Leiweke and de Bonis have their NHL executive origins rooted in the Vancouver Canucks, back when Orca Bay Sports & Entertainment — now known as Canucks Sports & Entertainment — formerly was parent company to the NHL squad and the since-relocated NBA Vancouver Grizzlies in the 1990s. They learned early on how such things are structured and the need for a separate, more distanced corporate layer to focus on overall business interests beyond those of just the hockey team.

The Kraken are finalizing how management of the unnamed umbrella company will be structured. For instance: Do they keep one CEO for the umbrella company and just a president for the NHL team, or two CEOs managing each entity? For now, some smaller corporate restructuring and hires have already taken place within both the team and the umbrella company that should be announced in coming weeks.

Holloway’s family has repeatedly stated its intent to be part of the majority ownership of any incoming NBA franchise.

Her father, billionaire co-owner Bonderman, told The Seattle Times in February 2018 that he and Hollywood business partner Jerry Bruckheimer were prepared to become top owners of any NBA franchise offered to Seattle. Bonderman is already a minority owner of the Boston Celtics and is said to be quietly exploring opportunities to divest that stake in preparation of any franchise becoming available to Seattle.

“It makes a lot of sense, actually,” Bonderman said back in 2018 of owning a future Seattle NBA team. “And if there’s a franchise on offer, we would be in the thick of the fray trying to bring it home to Seattle.”

His daughter, Holloway, who became a Kraken co-owner in December 2022 to oversee the team’s daily operations from Seattle firsthand, is in charge of spearheading the family’s future NBA efforts.

“I think that the Kraken is a new brand and extremely important to this city and our family, and we need to grow this brand and make a hockey fan out of everybody here,” Holloway said upon assuming her Kraken co-owner’s role. “As a separate endeavor, we believe this town needs a basketball team as well — or an NBA team, as it has a great WNBA team already. And our family is prepared to work on making that a reality as we built the arena to be able to do that as well.”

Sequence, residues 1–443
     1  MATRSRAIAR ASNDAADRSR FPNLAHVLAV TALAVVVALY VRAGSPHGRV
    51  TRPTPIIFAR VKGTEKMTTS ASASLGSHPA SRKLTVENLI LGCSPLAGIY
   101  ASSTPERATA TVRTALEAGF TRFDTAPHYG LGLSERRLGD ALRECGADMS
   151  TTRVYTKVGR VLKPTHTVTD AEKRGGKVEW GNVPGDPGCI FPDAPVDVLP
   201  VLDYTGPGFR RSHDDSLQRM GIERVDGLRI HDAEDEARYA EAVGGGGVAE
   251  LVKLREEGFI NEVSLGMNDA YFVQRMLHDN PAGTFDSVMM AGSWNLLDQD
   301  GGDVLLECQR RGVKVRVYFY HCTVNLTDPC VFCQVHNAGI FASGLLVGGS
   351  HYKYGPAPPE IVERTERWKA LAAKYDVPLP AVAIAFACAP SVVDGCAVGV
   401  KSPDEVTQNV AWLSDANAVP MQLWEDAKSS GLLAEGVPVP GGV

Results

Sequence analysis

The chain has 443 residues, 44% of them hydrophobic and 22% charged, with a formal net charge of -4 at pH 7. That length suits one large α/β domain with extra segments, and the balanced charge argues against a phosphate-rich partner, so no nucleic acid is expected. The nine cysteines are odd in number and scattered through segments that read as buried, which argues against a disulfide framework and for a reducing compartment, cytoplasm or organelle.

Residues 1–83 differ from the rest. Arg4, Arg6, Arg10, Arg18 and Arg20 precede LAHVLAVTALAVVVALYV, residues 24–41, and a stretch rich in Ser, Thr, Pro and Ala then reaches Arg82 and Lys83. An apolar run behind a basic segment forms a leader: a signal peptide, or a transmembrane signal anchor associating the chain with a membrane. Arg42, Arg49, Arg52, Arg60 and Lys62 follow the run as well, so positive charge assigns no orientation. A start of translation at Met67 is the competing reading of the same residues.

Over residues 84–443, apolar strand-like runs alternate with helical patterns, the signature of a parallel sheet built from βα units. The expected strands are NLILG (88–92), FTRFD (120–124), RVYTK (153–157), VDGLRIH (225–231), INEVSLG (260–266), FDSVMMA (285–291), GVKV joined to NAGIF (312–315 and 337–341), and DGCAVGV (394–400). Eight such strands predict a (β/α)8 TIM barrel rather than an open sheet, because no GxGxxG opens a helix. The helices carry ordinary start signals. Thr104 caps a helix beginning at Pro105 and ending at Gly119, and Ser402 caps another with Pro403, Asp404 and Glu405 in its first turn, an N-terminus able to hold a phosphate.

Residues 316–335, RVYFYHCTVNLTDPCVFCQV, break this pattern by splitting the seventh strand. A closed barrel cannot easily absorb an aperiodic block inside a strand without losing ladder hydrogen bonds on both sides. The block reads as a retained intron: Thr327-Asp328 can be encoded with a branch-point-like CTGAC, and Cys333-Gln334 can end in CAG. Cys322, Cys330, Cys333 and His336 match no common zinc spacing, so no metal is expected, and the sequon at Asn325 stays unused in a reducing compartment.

But as has been well-documented the past decade, the NBA will expand only when ready. Local speculation that NBA expansion was imminent proved incorrect in May 2014 when billionaire former Microsoft CEO Steve Ballmer left a Seattle group headed by entrepreneur Chris Hansen and bought the Los Angeles Clippers — stating he did so because he’d been told the league wasn’t adding new teams.

Eight years ago last week, the Seattle City Council quashed a bid by Hansen’s group to build a new arena in the Sodo District fewer than two weeks after Silver reiterated that the league wasn’t expanding regardless of the vote’s outcome. But Silver indicating expansion may be on the agenda once TV deals are complete, setting the stage for a possible return nearly two decades after the Sonics relocated to Oklahoma City in 2008.

All this change is a huge reason the Kraken are eager to turn the page on their disappointing third season and bring fresh energy to the franchise. They’ve started what they hope will be a summerlong transformation by ending their ROOT Sports TV contract in favor of producing their own game broadcasts for distribution on free Tegna-owned outlets and a streaming deal with Amazon Prime in Washington, Oregon and Alaska.

Just days later, they did something in the works since before season’s end by firing coach Dave Hakstol last week.

The Kraken know things are changing swiftly on multiple corporate and TV fronts and won’t risk the NHL team again stalling out of the gate next fall. They need the hockey squad keeping up with the rest of a growing organization they hope will soon become a major sports power within the region.